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U.S. Civil War History bits

Discussion in 'Military History' started by C.Evans, Jan 19, 2011.

  1. USMCPrice

    USMCPrice Idiot at Large

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    I appreciate the way you keep this thread going Gordon. Even poor articles lead to good discussion and laying to rest much new age poorly thought out revisionism. Well documented, researched and well thought out revisionism is a welcome thing, you just don't see much these days.
     
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  2. GRW

    GRW Pillboxologist Patron   WW2|ORG Editor

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    Cheers. I'm very much a learner in this, but love reading you guys who actually do know the subject inside out.
    :pipesmoke::s!:
     
  3. lwd

    lwd Ace

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    I can think of one major difference. Fresh horse meat would have been available for all concerned that day and not so fresh the next. ..... :)
     
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  4. GRW

    GRW Pillboxologist Patron   WW2|ORG Editor

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    Actually forgot to post this at the time.
    "As cultural resource management archaeologists, we never know what we will find when we conduct a survey. Often as not, we find small prehistoric lithic scatters or the remains of small farmsteads, or nothing. Every now and then, a project will produce a surprise. This was the case on a recent survey I directed on behalf of the Tennessee Department of Transportation (TDOT) near Shelbyville in Bedford County, Tennessee. The initial survey was completed in April 2018. We knew going into the project that at least one large Civil War earthwork was situated within the proposed right-of-way, but were surprised to discover another.''
    ...A portion of the proposed right-of-way passed through the southern end of a wood lot north of 40BD148. As we worked through the area, we discovered a deep ditch within the right-of-way. The ditch extended from near the southern edge of the woods downslope to the north. An earthen berm was located on the west facing side of the ditch (Figure 5), and in places was all that remained. Additional exploration revealed the ditch ended near a small stream at the base of the slope, but resumed on the other side of the stream. This segment ended on the northern end of the woodlot. The southern segment was relatively straight, while the northern segment included two angles. Yes, we found another earthwork! This particular rifle trench, Site 40BD245, was previously unknown, even to the landowner! Shovel testing and limited metal detection again produced no artifacts attributable to the Civil War occupants of the trenches.
    Shelbyville had become an important supply depot by the end of 1862. Situated in an area of rich farms which were important in feeding the Confederate Army, it was served by a good system of roads and a spur to the railroad, which made it strategically important. Following his withdrawal from the field at the Battle of Stones River near Murfreesboro in early January 1863, Confederate General Braxton Bragg ordered his troops into defensive positions in Shelbyville, Wartrace, and Tullahoma. Once he determined he was not being pursued by the Union forces under General William Rosecrans, Bragg ordered his troops to remain in place and fortify their positions. The Confederates at Shelbyville constructed a series of earthworks around the town (Figure 1). Bragg knew the terrain east of Shelbyville on his right flank was composed of narrow gaps through steep, broken terrain, which would be difficult for Rosecrans’ army to cross. He anticipated an advance would come from the northwest toward Shelbyville and prepared to defend against it."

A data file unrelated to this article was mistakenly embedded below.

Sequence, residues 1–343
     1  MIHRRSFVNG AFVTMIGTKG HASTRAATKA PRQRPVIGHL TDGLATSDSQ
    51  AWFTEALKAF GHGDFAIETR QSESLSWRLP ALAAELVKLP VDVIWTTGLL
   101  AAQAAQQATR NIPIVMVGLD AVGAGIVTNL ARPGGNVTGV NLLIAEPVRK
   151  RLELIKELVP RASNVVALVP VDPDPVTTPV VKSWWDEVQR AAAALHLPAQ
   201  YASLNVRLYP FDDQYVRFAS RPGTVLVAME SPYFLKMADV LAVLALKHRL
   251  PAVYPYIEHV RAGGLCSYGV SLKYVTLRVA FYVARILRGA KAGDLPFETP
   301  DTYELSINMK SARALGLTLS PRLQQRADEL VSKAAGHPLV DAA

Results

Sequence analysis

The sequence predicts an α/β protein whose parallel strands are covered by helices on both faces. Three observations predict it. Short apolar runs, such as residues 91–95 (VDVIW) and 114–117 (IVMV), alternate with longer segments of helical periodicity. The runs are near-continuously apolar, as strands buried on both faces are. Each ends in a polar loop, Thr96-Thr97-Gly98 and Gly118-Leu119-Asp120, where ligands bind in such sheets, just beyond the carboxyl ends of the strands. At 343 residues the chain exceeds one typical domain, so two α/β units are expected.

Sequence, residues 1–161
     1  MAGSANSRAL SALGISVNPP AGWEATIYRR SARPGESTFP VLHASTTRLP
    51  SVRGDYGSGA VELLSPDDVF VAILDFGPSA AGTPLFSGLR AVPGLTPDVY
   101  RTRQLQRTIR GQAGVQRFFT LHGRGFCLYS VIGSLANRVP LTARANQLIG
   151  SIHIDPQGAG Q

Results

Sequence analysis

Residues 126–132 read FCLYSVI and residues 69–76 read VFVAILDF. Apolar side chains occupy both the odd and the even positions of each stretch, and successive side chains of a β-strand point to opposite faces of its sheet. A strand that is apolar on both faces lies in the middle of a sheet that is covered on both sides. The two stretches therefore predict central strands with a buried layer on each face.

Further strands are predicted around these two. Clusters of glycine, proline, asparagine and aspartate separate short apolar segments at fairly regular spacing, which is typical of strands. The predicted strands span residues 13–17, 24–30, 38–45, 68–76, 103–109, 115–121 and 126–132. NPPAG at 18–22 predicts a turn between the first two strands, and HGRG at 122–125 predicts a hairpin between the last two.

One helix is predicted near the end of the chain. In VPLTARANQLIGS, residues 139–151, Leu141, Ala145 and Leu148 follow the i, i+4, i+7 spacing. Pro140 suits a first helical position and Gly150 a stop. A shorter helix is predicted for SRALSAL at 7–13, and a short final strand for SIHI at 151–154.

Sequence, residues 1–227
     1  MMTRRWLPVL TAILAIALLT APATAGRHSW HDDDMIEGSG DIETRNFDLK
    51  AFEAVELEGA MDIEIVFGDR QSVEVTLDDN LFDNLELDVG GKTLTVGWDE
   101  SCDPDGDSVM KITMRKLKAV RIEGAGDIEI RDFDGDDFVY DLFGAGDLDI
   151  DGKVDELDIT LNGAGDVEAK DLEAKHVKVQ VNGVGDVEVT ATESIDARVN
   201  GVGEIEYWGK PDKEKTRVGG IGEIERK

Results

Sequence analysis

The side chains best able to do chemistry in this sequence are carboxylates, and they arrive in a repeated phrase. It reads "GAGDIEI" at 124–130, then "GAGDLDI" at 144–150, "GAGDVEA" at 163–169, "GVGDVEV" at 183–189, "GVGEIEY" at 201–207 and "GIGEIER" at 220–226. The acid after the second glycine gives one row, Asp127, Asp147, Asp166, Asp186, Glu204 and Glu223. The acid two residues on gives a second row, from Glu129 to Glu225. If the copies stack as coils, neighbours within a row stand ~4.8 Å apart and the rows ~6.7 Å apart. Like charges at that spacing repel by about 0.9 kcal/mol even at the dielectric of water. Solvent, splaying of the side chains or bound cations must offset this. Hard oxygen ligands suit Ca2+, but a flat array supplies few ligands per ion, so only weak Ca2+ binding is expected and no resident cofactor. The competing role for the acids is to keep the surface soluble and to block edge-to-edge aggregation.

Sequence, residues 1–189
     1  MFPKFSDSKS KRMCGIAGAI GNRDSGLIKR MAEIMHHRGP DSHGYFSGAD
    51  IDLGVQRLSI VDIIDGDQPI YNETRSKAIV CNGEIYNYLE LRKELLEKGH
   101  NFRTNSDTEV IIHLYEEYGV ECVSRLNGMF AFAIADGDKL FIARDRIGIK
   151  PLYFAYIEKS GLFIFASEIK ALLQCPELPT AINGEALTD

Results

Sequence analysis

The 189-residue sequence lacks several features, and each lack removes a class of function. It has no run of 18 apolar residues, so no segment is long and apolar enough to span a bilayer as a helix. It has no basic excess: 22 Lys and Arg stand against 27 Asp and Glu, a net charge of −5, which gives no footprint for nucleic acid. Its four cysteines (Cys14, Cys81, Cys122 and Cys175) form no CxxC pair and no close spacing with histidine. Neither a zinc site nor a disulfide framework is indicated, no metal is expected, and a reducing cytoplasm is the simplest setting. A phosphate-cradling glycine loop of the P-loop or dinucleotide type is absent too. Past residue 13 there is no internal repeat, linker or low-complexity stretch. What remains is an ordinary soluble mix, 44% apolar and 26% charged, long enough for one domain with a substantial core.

Surprise! A Newly Discovered Civil War Earthwork in Bedford County, Tennessee
     
  5. A-58

    A-58 Cool Dude

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    I don't think that if any unit of whatever make up could've done any better in the face of all that withering fire during Pickett's Charge. A division or Ghurka's would've suffered the same fate. It just wasn't going to happen.
     
  6. GRW

    GRW Pillboxologist Patron   WW2|ORG Editor

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    Good article on PTSD.
    "A slight knee wound brought the New Jersey boy to a Washington military hospital, but “his mind had suffered more than his body,” wrote volunteer nurse Louisa May Alcott. “He lay cheering his comrades on, hurrying them back, then counting them as they fell around him, often clutching my arm, to drag me from the vicinity of a bursting shell, or covering up his head to screen himself from a shower of shot; while an incessant stream of defiant shouts, whispered warnings, and broken laments poured from his lips.” Such hallucinations and flashbacks are consistent with what is now called post-traumatic stress disorder.
    Symptoms labeled “shell shock” or “combat fatigue” in later wars were poorly understood during the Civil War, and writings of the period imprecisely labeled them “homesickness,” “nostalgia,” “irritable heart,” or sometimes “sunstroke.” Of course, homesick soldiers were not unusual during the war. The very word homesickness had more serious implications than it does today. Kate Cumming, who worked as a nurse in various Confederate hospitals, recounted a concert at which a hospital matron sang “Home, Sweet Home.” It was a mistake, Cumming wrote. “It scarcely does to sing such a song at present, as it touches the heart a little too deeply.” Similarly, Union Surgeon General William A. Hammond wrote that it was often necessary “to prohibit the regimental bands playing airs which could recall or freshen the memories of home.”"